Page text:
Some basic Honolulu and Hawaii facts and other information that you (and the people who care about you) should know.
Weather in Hawaii|Currency in Hawaii|Time in Hawaii|Hawaii Area Code|
Where is Hawaii (and how do I get there)?
One of the Hawaii facts that you may not know is that, being in the middle of the Pacific Ocean, Hawaii is the most isolated population center on the face of the earth.
Below is a Hawaii map that shows where Hawaii is in relation to major cities in the Pacific Rim.
View Where on Earth is Hawaii? in a larger map
Our nearest neighbor on the mainland (what we refer to the 48 contiguous states as) is the state of California, and that is some 2,390 miles away. Japan and China are 3,850 miles and 4,900 miles away respectively, to our Northwest.
Update: Another of Hawaii facts you should know before you move here, we are located in the Pacific Ring of Fire, which means we are in an area susceptible to tectonic plate action (a little bit more on this below).
Needless to say, the best way to get to Hawaii from anywhere is by air travel. The most common gateway into Hawaii is the Honolulu International Airport, which is host to major US and international airlines, and is the principal hub for Hawaiian Airlines.
Flying halfway across the world can do some damage to your internal clock, also known as jet lag. I've found these tips to be helpful in preventing jet lag whenever we fly long-distance.
We’re lucky to enjoy year-round tropical weather in Hawaii, where humidity is bearable because of near-constant trade winds. As I was packing my suitcase and deciding what to bring, I remember thinking there’s no way I’ll ever get cold in sunny Hawaii, but I soon discovered that wasn’t true.
During the “winter months”, we do experience unpredictable weather with gusty winds and heavy rainfall. With that being said, the coldest I’ve ever felt in Honolulu is the mid 60s°F, around 18°C.
The temperature and weather patterns on one island vary greatly from another, and even on the same island too; it can be gloomy in Salt Lake but sunny at Ala Moana. But the rainbows are beautiful regardless where you are!
One of the Hawaii facts that many don't know is that it does snow on the Big Island! Can you picture a snowman on a beach?
As far as tsunamis (and hurricanes, earthquakes and volcano eruptions) are concerned, there really isn’t much we can do to avoid these natural disasters, but to be emergency ready and smart and practice common sense! In my almost 10 years of living here, I’ve experienced only one tsunami scare, from the Chile earthquake of February 2010. Update: My second one was less than a month ago. Yikes.
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Hawaii is the 50th state of the US, so naturally we use the US dollar here, as well as major credit cards like Visa and Mastercard.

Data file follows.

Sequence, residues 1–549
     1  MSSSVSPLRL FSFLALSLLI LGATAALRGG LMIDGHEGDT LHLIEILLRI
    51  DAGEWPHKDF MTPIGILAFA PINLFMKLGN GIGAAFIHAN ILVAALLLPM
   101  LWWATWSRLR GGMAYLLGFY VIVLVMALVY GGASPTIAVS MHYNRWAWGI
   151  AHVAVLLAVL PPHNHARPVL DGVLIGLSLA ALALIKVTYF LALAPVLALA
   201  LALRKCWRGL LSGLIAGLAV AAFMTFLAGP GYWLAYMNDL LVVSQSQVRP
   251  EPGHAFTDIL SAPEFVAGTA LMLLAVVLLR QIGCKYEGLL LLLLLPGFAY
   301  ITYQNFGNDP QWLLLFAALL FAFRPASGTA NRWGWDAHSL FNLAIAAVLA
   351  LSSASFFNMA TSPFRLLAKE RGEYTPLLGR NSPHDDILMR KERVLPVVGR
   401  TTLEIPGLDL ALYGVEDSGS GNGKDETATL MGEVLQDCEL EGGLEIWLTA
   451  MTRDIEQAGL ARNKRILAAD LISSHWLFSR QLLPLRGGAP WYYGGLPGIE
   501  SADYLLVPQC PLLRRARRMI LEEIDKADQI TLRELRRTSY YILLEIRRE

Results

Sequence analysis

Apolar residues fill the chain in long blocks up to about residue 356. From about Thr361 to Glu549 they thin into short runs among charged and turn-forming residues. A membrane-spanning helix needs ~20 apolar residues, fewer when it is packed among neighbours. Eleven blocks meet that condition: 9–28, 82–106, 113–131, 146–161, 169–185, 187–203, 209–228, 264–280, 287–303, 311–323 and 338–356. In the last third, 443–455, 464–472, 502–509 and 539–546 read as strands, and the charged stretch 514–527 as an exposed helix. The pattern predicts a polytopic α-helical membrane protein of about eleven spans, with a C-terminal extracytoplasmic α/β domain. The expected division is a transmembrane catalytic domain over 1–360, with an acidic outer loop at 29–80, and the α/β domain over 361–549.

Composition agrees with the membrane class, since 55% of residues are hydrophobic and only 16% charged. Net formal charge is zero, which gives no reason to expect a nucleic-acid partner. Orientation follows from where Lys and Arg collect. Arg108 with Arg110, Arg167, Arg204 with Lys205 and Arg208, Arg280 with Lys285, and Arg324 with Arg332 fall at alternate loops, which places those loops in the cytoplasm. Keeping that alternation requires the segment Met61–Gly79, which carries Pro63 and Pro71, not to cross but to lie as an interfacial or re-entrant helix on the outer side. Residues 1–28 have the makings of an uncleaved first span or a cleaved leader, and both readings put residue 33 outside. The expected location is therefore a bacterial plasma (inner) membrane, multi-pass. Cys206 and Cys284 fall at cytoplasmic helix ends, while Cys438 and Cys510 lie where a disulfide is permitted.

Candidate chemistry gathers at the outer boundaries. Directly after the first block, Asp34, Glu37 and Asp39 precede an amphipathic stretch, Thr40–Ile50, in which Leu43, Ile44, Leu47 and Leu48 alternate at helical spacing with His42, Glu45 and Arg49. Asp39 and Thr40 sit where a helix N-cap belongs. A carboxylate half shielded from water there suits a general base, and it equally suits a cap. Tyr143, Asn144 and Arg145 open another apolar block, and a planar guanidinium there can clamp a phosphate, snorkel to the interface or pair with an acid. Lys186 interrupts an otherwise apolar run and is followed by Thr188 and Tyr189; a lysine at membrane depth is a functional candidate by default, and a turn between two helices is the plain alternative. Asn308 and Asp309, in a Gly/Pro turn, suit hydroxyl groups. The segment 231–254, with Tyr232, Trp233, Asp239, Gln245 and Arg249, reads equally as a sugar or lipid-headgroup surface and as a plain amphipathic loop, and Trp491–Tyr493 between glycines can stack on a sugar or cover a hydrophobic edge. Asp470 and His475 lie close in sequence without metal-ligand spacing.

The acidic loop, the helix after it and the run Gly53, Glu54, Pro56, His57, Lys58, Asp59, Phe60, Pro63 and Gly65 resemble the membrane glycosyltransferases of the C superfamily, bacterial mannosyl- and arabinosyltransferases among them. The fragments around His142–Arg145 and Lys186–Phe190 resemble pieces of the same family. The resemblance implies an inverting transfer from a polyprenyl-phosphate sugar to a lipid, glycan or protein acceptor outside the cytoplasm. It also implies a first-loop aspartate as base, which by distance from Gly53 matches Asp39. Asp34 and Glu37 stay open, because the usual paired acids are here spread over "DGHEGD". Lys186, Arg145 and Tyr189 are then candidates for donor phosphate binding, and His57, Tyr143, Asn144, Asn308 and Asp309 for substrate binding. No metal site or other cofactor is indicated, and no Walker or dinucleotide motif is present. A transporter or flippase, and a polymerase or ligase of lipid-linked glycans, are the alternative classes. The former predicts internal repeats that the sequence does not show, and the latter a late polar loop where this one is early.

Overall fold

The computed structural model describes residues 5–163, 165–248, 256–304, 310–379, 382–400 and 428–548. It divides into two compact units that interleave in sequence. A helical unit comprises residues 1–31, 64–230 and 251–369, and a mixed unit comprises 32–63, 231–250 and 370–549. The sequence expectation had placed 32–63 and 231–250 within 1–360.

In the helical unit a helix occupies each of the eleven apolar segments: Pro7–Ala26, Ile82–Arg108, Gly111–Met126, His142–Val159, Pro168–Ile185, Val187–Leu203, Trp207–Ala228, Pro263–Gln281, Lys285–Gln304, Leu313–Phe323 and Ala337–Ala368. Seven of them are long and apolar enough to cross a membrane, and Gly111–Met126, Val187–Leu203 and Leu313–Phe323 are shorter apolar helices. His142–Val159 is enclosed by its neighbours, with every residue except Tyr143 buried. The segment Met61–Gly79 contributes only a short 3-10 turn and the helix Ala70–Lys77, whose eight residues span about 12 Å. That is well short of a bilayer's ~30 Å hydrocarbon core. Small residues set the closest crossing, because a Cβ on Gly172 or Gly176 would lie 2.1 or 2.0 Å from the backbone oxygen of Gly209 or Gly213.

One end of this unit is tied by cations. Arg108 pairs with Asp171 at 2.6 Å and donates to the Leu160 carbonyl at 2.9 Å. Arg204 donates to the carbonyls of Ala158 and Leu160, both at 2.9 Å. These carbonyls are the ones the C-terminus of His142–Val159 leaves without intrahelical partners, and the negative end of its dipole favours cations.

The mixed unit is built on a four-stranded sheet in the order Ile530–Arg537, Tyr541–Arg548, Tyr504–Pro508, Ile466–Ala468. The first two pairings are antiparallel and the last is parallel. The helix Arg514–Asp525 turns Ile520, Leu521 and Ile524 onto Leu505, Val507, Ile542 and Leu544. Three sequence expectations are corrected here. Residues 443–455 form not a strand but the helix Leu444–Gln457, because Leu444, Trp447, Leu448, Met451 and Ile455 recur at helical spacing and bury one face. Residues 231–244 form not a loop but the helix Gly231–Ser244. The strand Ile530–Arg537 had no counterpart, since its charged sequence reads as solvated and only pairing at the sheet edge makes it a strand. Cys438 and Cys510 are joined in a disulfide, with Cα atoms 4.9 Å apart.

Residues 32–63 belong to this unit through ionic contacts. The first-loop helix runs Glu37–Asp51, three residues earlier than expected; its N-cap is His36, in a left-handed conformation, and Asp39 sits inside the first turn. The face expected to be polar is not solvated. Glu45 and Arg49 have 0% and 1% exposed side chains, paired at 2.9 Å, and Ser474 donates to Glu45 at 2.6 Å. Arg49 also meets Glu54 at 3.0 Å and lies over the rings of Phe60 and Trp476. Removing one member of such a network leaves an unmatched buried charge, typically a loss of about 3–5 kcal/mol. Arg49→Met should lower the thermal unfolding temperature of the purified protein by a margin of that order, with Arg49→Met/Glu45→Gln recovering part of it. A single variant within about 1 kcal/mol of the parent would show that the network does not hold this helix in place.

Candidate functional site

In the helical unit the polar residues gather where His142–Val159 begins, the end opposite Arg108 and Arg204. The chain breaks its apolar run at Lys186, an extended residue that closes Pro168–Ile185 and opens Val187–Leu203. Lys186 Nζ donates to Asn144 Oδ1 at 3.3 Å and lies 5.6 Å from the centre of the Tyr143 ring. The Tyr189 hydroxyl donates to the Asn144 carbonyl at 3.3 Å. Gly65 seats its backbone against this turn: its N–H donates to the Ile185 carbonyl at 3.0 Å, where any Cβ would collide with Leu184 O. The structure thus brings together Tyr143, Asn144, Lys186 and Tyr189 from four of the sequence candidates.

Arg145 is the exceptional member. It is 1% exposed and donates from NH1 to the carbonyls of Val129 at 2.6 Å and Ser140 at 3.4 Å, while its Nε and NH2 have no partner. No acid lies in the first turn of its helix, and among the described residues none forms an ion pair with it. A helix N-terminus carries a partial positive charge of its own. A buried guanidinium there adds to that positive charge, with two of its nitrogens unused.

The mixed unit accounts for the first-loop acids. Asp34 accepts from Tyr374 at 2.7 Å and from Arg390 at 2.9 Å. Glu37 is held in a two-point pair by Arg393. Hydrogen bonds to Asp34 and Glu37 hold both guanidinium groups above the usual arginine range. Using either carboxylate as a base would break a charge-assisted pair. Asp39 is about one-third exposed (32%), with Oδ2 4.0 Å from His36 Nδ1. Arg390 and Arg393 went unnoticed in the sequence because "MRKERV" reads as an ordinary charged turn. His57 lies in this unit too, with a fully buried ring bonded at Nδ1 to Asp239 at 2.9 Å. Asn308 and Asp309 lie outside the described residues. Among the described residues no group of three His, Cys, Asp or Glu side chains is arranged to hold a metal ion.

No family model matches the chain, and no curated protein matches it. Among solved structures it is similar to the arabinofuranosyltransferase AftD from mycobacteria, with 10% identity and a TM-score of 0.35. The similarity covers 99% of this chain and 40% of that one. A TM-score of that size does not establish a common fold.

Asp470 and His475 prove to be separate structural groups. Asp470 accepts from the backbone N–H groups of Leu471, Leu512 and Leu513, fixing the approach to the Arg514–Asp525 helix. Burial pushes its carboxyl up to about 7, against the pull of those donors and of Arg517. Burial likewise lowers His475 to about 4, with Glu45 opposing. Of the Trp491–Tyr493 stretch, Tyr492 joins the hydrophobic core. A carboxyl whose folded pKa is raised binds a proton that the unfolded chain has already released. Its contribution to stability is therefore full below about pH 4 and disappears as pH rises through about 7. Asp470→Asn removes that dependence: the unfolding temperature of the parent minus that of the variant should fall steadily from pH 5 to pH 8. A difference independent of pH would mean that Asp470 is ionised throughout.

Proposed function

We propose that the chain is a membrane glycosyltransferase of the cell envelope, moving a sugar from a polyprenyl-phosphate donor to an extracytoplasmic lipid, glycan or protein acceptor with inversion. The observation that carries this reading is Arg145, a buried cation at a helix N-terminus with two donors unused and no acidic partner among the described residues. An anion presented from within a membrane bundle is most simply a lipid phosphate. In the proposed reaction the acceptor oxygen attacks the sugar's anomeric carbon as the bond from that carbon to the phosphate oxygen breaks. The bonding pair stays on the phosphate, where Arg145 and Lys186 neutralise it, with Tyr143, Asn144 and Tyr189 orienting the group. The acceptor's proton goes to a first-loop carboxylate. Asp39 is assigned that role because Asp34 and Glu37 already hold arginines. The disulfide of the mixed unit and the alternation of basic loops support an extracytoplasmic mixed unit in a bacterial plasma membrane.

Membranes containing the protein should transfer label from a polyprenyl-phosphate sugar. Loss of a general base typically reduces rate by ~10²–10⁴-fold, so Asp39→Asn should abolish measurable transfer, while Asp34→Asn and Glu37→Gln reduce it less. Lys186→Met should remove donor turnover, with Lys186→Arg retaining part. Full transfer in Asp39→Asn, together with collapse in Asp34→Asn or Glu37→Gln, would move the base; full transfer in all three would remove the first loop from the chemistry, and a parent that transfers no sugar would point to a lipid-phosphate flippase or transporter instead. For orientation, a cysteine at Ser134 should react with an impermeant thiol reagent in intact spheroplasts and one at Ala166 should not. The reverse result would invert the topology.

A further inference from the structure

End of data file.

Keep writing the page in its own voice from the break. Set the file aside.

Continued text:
However, because of the high number of visitors we see from Japan, some stores and restaurants, particularly in Waikiki, also accept the Japanese yen, and JCB card as forms of payment. Good Hawaii fact to know, eh?
It's best to come prepared with US dollars, but currency exchange services are available at the banks, hotels and in Waikiki.
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We have our own time zone, Hawaii Standard Time (HST), and Daylight Saving Time (DST) isn’t observed here. One of the Hawaii facts you may not know is that we’re the only state in its entirety that doesn’t observe DST (lucky for me, since it’s something that I still get confused with, to this day).
Here's a quick guide to figuring out the time difference between Honolulu, Hawaii and where you are (on summer time):
- HST is 12 hours behind Amsterdam, Berlin, Madrid and Stockholm
- HST is 18 hours behind Hong Kong, Manila, Perth, Singapore and Taipei (easiest formula to use = your local time + 6 hours, yesterday’s date)
- HST is 22 hours behind Auckland
You should also know that the date format in Hawaii (like the rest of the US) is different from Asian countries: mm/dd/yyyy. For example, 8/15/2010 for August 15, 2010. You'll have to date everything, including your contracts for bank account applications, personal checks, apartment leases and utilities, in this format.
Calculating time difference and figuring out the time in Honolulu is something your family members and friends should be aware of, especially if they’re planning on calling you. I’m sure nobody wants to be woken up at 2am for a friendly chat! My Mom still hasn’t figured out the time difference… and it has been almost 10 years since I've been here!
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Hawaii’s area code is 808, and it applies to all the islands. These are the 3 digits that you add in front of a phone number when you’re making a call to Hawaii. For example, if you're calling from Thailand, you dial +1-808-999-1234, where (1) is the country code of USA.
You'll also have to dial the area code when calling to the neighbor islands, for example from Oahu to Maui and vice versa.
If you decide to order a landline (phone number for your apartment), phone calls within Oahu are free, but you will be charged long-distance fees for calling the neighbor islands and the mainland.
You can choose to subscribe to a mobile/cellular phone instead, and call anywhere you like within the US for no monetary charge, but you will be charged for minutes. Each mobile phone company has their own phone plans and network (with their own phones, so you're limited on choices, unless you bring your own "unlocked" phones), so shop for the company/plan that makes the most sense for you.
So the question then becomes: landline or cellular phone, or both?
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I will add on more interesting and/or little known Hawaii facts if and when I do chance upon them!
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